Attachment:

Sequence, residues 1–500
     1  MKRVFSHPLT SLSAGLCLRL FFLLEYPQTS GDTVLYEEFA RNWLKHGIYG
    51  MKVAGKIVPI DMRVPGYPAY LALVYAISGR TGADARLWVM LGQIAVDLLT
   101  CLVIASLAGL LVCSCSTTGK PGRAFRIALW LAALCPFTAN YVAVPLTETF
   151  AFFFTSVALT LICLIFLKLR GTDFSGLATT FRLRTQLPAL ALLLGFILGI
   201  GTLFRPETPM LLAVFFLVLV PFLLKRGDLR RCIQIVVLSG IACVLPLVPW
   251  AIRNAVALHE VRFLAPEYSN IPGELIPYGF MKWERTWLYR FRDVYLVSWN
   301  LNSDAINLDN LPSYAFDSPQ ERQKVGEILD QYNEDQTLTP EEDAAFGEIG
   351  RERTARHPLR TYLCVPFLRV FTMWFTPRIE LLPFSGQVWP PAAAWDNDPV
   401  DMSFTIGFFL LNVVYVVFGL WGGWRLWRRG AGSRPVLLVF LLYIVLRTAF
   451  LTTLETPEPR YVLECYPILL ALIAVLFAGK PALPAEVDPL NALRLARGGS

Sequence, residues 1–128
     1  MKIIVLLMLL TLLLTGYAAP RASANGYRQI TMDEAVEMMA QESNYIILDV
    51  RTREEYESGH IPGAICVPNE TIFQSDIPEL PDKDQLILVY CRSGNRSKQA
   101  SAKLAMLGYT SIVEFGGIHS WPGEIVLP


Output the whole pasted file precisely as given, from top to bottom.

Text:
Sequence, residues 1–500
     1  MKRVFSHPLT SLSAGLCLRL FFLLEYPQTS GDTVLYEEFA RNWLKHGIYG
    51  MKVAGKIVPI DMRVPGYPAY LALVYAISGR TGADARLWVM LGQIAVDLLT
   101  CLVIASLAGL LVCSCSTTGK PGRAFRIALW LAALCPFTAN YVAVPLTETF
   151  AFFFTSVALT LICLIFLKLR GTDFSGLATT FRLRTQLPAL ALLLGFILGI
   201  GTLFRPETPM LLAVFFLVLV PFLLKRGDLR RCIQIVVLSG IACVLPLVPW
   251  AIRNAVALHE VRFLAPEYSN IPGELIPYGF MKWERTWLYR FRDVYLVSWN
   301  LNSDAINLDN LPSYAFDSPQ ERQKVGEILD QYNEDQTLTP EEDAAFGEIG
   351  RERTARHPLR TYLCVPFLRV FTMWFTPRIE LLPFSGQVWP PAAAWDNDPV
   401  DMSFTIGFFL LNVVYVVFGL WGGWRLWRRG AGSRPVLLVF LLYIVLRTAF
   451  LTTLETPEPR YVLECYPILL ALIAVLFAGK PALPAEVDPL NALRLARGGS

Sequence, residues 1–128
     1  MKIIVLLMLL TLLLTGYAAP RASANGYRQI TMDEAVEMMA QESNYIILDV
    51  RTREEYESGH IPGAICVPNE TIFQSDIPEL PDKDQLILVY CRSGNRSKQA
   101  SAKLAMLGYT SIVEFGGIHS WPGEIVLP